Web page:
Parajuli: Promising Graduate Programs
The voices against graduate programs make a simple claim: more graduate students will lower the quality of undergraduate education. This seems self-evident — if there are more graduate students, professors will care less about undergraduates and the College’s resources will chase graduate students. However, this zero-sum model does not always hold. A handful of our peer institutions have shown that, if done right, graduate programs can dramatically improve the quality of undergraduate education.
Some academics differentiate graduate programs into three broad types. The first can be called the CHYMPS. These programs at the University of Michigan, Columbia, Harvard, Yale, Princeton and Stanford Universities have large Ph.D. cohorts that form the institutional core. Here, undergraduates are mostly an afterthought. The second category comprises what I will call the duds: small Ph.D. programs that rank dramatically below their undergraduate counterparts and do little for institutional image or teaching quality. Brown University and the University of Notre Dame join us in having a number of such programs.
If the two models above were the only options before us, I would likely oppose expanding our graduate offerings. It would then make sense to continue focusing our attention on what we do best: providing one of the finest undergraduate educations in the country. But there is a third option that can help us do that better.
Duke University and Vanderbilt University exemplify a third model for graduate programs, which I will call the integrated model. These schools have small Ph.D. programs that are integrated with the undergraduate school. Because the Ph.D. students are fewer in number and more classes are run with both graduates and undergraduates, the undergraduates get the support they deserve. At Vanderbilt and Duke, strong graduate programs have pulled up the quality of undergraduate offerings. Both institutions’ steady rise in their rankings reflects this.
So how exactly can good Ph.D. programs help undergraduate teaching? After speaking with students at Duke, Princeton and other peer institutions as well as a number of Dartmouth professors, I have come to see a number of benefits.
First, graduate students help attract better faculty. Because the tenure process so heavily relies on research — the adage “publish or perish” sums up the expectation — most junior faculty members care deeply about having the resources to do good research. Graduate students offer research assistance that is important in most fields and absolutely crucial in others. Dartmouth, for instance, may have a dearth of talent in fields that rely more heavily on graduate research assistants for large-scale data collection, entry and analysis. This hurts undergraduates who wish to pursue the sub-field. So leading faculty members who need graduate research assistants to execute their research agendas will not consider Dartmouth because we lack this critical resource. Removing this bottleneck will help us recruit more faculty members.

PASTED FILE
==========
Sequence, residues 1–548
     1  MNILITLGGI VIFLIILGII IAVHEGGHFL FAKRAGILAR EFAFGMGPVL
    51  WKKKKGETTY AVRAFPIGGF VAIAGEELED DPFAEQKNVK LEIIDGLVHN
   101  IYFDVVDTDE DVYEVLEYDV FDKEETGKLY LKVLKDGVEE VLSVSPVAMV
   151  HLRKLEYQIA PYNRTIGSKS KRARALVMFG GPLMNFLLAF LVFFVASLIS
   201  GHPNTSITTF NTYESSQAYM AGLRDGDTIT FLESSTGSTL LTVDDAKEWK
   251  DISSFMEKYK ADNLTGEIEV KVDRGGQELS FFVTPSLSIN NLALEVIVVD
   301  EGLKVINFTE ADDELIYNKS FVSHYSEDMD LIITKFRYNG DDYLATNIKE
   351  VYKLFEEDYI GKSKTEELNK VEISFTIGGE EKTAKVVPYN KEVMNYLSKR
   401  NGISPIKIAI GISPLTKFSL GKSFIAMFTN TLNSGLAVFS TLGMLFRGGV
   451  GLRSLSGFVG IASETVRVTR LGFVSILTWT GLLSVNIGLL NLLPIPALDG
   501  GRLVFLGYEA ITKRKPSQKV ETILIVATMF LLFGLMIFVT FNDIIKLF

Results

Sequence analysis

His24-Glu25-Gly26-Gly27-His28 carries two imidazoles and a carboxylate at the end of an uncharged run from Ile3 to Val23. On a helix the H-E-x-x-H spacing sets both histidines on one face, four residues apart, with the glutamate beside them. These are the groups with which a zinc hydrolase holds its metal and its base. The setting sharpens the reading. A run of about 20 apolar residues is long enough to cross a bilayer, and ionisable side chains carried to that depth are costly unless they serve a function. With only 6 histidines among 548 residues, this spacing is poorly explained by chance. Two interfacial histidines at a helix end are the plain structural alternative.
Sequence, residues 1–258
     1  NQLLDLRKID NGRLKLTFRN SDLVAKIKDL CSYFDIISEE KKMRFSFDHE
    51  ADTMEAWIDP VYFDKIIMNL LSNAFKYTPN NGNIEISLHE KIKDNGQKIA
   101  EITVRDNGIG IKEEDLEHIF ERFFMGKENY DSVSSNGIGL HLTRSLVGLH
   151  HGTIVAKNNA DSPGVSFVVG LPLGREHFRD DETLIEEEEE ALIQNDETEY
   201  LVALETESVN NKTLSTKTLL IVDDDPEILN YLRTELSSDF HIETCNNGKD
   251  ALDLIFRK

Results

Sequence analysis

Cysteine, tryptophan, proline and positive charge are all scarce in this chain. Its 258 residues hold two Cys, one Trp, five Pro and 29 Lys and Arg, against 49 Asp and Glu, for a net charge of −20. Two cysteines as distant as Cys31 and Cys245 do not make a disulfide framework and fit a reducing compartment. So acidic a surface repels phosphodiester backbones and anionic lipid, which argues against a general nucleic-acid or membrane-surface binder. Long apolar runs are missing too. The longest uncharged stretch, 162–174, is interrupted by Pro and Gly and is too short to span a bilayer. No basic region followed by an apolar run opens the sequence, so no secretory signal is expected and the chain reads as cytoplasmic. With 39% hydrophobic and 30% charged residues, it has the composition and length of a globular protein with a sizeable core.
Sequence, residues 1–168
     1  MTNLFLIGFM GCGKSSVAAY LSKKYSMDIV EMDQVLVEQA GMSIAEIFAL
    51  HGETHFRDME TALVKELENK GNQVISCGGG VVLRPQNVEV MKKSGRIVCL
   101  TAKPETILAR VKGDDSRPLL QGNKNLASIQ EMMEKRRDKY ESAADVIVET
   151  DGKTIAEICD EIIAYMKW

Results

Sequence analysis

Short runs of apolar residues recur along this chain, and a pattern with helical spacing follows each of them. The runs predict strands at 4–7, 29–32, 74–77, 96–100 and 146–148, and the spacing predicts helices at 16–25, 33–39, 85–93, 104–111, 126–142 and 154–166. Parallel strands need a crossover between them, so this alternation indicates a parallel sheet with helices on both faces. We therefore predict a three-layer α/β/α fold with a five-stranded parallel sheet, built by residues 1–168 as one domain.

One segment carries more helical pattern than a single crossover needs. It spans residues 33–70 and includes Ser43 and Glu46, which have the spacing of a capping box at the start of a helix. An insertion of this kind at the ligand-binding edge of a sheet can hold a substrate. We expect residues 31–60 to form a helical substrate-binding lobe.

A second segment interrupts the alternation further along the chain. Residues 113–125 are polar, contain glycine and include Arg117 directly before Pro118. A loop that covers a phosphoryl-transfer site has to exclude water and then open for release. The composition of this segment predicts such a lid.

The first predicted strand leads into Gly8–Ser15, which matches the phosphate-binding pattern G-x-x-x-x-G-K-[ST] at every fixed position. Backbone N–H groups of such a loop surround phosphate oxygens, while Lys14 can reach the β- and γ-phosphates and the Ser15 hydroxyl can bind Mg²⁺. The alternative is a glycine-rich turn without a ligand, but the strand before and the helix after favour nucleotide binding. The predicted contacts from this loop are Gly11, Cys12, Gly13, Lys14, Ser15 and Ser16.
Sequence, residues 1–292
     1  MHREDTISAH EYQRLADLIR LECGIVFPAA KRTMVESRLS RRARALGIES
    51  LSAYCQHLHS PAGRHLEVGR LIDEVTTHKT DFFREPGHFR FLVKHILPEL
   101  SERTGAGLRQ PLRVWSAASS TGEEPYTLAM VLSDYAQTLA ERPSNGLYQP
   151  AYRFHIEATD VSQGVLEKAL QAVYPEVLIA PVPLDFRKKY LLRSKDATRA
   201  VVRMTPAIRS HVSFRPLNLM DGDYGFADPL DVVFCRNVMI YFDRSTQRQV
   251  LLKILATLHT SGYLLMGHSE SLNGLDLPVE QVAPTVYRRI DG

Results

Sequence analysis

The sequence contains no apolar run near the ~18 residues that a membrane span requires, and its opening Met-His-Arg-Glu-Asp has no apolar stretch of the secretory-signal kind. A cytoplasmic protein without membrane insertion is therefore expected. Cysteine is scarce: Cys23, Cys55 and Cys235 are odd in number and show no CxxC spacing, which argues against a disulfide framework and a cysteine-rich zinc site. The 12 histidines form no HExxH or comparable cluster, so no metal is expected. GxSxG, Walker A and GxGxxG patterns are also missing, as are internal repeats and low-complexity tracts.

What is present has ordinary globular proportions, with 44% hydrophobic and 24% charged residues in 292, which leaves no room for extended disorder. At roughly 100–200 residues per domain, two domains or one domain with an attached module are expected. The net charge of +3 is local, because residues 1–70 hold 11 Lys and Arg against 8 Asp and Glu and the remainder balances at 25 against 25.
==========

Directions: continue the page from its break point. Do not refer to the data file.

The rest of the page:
Second, teaching assistants free professors to teach in their fields of expertise. Teaching assistants get a bad rap, but they are often great teachers for introductory level courses. Since their teaching evaluations travel with them to their job talks, TAs have a huge incentive to keep students happy. Students from peer institutions with whom I spoke say having TAs is a positive experience: TAs allow large lecture classes to break into smaller discussion sections and professors to offer more classes in their fields of expertise. Also, with professors spared grading duties, office hours can expand so that students have more access. Our professors are the College’s greatest resource. We should free them to bring their expertise to bear on the curriculum by letting graduate students help with lower level courses.
Now, there are some who will continue claiming that graduate students divert resources and focus from undergraduates. We do not have to look far to see that they are wrong. A number of departments at Dartmouth have graduate programs. Do these departments have worse teaching quality? No Dartmouth student I talked to feels so. If done right, graduate programs can help us improve undergraduate teaching and increase a college’s institutional profile.